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Press ReleasePress Release 2014

Development of High-performance Dielectric Devices by Assembling Nano Blocks

Self-organization of oxide nanosheets through the solution process

19 Feb, 2014

A research group of the NIMS International Center for Materials A group of researchers led by Dr. Takayoshi Sasaki and Dr. Minoru Osada of the International Center for Materials Nanoarchitectonics (MANA) of NIMS, succeeded in developing the world's smallest high-performance capacitor by assembling two types of oxide nanosheets, - a conductive oxide nanosheet and a dielectric oxide nanosheet – into a sandwich structure, in the manner of LEGO block game.

A capacitor is an electronic component used in various electronic appliances, such as smartphones and personal computers. The type of capacitor currently in common use is a multilayer ceramic capacitor (MLCC) formed by laminating alternating layers of dielectric material composed of ceramic nanoparticles and metal electrode. This type of capacitor has been reduced in size and improved in performance through what is generally called a “top-down” approach, by such means as creating thinner or integrated elements through the use of the advanced particle processing technology or thin film technology. Amid the recent trend toward making ever smaller, lighter and more sophisticated mobile devices, there is a call for further MLCC size reduction and sophistication. However, the existing technology has already reached its limits both in terms of materials and processes, and a dramatic increase in performance and technological innovation by means of new materials and processes is strongly demanded.

By applying a “bottom up” rather than “top down” approach, in contrast to the conventional development of capacitor elements, the research group developed a new process with inorganic nanosheets - two dimensional nanocrystals with molecular thickness - for use in a novel element production. They thereby succeeded in creating the world's smallest high-performance capacitor element. More specifically, the researchers successfully fabricated films of nanoscale thickness to build a high-quality MIM (metal-insulator-metal) element by sandwiching alternating perovskite niobium oxide nanosheet (Ca2Nb3O10-) dielectric layers and ruthenium oxide nanosheet (Ru0.95O20.2-) electrode layers using a room temperature solution process. This element is the smallest in the world with a total thickness of less than 30 nm, and displayed stable, high capacitance (27.5 μF cm-2) over a broad range of frequencies between 103 and 106 Hz. The element prototyped in this research is equivalent to one unit of the MIM structure of an MLCC, and making it into a multilayered structure will be the future challenge. The new element performs about 2000 times better than MLCC elements currently on the market, and its use in forming multilayered element is practical because it can be fabricated totally through a simple, low-cost and environmentally friendly room-temperature solution process. The results of this research clearly lead to the development of practical applications in the future.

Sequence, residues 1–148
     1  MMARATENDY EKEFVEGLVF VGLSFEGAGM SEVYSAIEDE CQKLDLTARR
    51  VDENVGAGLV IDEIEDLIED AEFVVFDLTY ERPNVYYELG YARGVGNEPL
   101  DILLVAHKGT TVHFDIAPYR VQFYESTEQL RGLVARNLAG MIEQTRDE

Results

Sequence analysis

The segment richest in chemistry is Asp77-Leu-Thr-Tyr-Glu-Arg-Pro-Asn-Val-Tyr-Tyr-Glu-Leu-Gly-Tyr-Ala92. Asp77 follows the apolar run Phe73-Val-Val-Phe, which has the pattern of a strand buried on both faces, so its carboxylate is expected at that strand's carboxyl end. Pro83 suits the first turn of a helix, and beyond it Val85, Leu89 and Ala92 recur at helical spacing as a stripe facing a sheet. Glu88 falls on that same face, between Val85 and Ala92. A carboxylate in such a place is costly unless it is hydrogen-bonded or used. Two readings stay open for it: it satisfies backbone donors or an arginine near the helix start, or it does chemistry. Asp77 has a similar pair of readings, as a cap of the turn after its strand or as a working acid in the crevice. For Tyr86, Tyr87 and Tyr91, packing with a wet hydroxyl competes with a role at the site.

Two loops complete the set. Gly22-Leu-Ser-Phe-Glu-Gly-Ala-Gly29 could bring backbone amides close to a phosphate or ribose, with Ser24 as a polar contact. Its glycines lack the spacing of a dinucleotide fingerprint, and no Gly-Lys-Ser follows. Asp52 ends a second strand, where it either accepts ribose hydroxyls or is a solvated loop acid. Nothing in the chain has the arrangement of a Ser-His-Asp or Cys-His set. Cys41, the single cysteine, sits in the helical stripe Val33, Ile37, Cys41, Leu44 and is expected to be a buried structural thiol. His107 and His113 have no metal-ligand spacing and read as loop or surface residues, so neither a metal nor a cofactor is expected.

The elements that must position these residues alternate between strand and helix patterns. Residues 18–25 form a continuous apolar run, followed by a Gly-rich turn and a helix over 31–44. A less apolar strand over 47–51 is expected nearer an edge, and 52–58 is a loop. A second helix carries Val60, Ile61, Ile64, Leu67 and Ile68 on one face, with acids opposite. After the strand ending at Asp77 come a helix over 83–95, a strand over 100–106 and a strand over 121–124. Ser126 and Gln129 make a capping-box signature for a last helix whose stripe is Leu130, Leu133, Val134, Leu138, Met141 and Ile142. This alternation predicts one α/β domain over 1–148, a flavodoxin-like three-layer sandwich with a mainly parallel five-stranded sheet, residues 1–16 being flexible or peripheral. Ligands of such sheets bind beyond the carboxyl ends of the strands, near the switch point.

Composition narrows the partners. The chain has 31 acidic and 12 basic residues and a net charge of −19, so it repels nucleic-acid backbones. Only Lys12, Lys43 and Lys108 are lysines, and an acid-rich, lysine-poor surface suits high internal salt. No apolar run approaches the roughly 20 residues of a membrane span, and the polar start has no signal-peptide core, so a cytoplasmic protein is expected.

This research was carried out as part of the research project "Development of Nanomaterials / Manufacturing Processes for Next-generation Electronics Using Inorganic Nanosheets" (Project Leader: Takayoshi Sasaki) in the "Establishment of Innovative Manufacturing Technology Based on Nanotechnology" Research Area of the Core Research of Evolutional Science & Technology (CREST) Program of the Japan Science and Technology Agency (JST). The research results was published in an online version of the journal, ACS Nano, at 22:00 JST, February 19, 2014 , and will concurrently be published in a press release by the American Chemical Society as a paper of the editor's choice.

A schematic of the dielectric nano-device newly developed using two-dimensional Ca2Nb3O10- and Ru0.95O20.2-nanosheets as materials for the dielectric layers and electrode layers, respectively. These nanosheets can be obtained in the form of a mono-dispersed colloid suspension as shown in the photos.

For more detail about research

Takayoshi Sasaki MANA Principal Investigator, MANA, NIMS


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Minoru Osada Associate Principal Investigator, MANA, NIMS



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